Using a national health accounts framework, comprehensive estimates of expenditures for reproductive health services and family planning in Egypt and Sri Lanka are derived. These cost estimates include the full costs of overheads and non-service delivery costs. Reproductive health service expenditures are defined as expenditures for family planning, prenatal and postnatal care, childbirth, infant care, and obstetric and gynecological services. In nominal terms, total expenditures were found to be $5.29 per capita in Egypt in 1994/95, and $3.10 in Sri Lanka in 1997. These expenditures are comparable, once standardized for differences in income levels, birth rates and women who are married, with expenditures in Sri Lanka modestly less in per capita terms ($4.94 versus $5.29). The relative contribution of public and private sources of funding was quite similar in both countries. Public sources (which includes donor assistance) accounted for two-thirds of funding in both. Item-wise, family planning and MCH services accounted for the smallest share of costs (less than 22%). The largest cost components were childbirth and general obstetric and gynecological care, which accounted for a quarter and a third of total expenditures each. General gynecological care in both countries is predominantly privately financed, indicating a need to rethink policies to fully take into account private sector contributions. The similarity in spending levels in the two countries contrasts with the difference in levels of utilization and access to services. Sri Lanka achieves almost universal access to key services with less expenditures. This suggests that efficiency improvements may offer more potential for expanding services than new resource mobilization.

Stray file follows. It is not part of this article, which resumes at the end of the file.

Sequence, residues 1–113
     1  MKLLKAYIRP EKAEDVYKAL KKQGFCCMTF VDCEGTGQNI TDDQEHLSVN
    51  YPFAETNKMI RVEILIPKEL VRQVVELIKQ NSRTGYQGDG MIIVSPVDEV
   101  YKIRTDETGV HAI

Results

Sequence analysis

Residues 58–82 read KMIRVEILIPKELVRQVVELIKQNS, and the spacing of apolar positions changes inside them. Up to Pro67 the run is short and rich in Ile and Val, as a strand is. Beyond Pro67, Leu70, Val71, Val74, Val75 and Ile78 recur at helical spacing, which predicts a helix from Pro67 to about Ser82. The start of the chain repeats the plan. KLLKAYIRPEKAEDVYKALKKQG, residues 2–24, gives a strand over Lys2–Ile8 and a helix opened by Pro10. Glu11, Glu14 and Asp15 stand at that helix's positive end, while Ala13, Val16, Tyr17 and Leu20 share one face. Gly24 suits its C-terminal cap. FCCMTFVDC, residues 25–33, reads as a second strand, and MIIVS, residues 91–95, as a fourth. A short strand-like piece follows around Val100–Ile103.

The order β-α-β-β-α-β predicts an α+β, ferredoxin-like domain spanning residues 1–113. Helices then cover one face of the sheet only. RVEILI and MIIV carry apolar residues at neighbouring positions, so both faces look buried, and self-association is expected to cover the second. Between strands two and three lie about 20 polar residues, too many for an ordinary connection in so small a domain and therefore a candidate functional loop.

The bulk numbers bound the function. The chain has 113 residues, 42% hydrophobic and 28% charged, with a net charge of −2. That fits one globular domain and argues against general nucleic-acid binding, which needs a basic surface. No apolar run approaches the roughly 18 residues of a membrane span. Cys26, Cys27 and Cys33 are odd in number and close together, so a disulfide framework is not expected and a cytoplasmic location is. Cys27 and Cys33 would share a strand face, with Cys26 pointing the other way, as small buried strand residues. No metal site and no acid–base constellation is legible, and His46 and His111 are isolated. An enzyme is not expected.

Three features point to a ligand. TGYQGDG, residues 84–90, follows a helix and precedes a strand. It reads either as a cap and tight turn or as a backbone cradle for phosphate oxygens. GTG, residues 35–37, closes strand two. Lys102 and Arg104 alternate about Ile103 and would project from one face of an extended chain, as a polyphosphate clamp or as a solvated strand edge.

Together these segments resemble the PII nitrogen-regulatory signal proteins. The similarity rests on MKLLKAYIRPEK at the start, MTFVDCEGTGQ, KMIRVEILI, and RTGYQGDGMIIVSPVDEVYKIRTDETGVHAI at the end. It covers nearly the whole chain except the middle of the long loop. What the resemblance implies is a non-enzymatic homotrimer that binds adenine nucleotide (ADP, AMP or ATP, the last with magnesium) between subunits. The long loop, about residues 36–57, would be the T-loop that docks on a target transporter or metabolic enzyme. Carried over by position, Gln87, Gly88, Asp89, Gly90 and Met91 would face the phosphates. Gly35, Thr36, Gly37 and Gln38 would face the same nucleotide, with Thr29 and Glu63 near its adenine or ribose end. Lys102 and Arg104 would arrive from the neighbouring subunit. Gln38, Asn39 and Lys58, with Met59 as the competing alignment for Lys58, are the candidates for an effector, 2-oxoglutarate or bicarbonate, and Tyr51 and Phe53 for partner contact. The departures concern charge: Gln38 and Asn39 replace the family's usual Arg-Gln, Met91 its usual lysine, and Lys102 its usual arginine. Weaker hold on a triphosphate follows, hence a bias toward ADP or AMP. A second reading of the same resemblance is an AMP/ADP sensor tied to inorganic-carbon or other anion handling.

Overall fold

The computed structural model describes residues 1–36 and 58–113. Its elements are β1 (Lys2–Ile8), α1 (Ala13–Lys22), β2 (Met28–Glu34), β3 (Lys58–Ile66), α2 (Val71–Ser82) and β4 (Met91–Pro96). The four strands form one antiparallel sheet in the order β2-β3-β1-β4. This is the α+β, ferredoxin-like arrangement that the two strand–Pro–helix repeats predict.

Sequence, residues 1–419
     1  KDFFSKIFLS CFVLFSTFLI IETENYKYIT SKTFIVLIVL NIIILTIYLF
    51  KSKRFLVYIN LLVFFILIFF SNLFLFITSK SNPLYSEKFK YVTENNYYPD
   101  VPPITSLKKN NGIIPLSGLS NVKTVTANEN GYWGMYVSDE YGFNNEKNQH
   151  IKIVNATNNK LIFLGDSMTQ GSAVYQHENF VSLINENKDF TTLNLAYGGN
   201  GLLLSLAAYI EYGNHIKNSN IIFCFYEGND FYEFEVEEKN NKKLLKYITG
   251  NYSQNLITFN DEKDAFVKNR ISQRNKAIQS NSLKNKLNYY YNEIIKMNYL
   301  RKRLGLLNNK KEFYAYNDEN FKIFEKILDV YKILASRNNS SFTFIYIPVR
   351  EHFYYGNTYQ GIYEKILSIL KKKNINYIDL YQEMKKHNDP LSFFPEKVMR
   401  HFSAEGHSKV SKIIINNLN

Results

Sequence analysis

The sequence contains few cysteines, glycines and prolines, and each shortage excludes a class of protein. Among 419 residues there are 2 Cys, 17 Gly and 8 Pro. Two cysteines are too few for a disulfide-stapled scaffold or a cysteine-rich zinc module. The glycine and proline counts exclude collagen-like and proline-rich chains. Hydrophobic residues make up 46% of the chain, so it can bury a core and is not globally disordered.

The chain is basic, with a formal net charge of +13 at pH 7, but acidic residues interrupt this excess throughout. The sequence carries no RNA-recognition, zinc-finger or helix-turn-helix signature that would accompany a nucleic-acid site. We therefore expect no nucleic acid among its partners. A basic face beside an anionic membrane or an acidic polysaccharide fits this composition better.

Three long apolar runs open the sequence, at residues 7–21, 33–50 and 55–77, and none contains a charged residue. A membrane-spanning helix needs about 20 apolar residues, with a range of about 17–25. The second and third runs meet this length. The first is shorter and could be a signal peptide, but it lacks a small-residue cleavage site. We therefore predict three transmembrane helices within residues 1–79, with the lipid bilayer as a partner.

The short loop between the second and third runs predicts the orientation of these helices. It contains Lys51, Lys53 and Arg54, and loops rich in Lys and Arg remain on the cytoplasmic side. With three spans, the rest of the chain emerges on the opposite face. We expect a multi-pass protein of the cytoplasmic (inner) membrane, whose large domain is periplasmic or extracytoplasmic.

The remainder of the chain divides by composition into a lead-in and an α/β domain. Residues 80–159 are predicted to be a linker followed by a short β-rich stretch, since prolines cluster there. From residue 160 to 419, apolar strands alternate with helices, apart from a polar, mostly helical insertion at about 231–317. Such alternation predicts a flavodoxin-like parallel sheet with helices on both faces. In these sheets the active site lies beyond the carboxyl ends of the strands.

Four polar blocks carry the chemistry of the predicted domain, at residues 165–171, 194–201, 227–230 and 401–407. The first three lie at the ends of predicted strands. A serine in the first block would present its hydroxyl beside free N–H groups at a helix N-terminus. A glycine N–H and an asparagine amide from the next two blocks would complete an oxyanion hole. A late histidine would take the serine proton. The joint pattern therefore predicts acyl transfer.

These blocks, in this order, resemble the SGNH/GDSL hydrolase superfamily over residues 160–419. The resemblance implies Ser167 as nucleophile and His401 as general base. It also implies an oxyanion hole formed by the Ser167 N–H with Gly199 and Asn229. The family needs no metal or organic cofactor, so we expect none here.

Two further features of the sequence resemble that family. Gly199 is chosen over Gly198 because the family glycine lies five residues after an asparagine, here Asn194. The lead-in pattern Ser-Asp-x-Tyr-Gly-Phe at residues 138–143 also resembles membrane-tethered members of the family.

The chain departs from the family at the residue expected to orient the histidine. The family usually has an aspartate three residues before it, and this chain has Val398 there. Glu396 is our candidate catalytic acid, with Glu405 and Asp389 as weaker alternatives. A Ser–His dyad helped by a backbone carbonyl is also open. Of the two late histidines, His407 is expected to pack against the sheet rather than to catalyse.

Table of Contents:
• Country situations
• Methodology of study
• Annex a: A Review of Egypt population policy
• Annex b: A Review of National Population Policy in Sri Lanka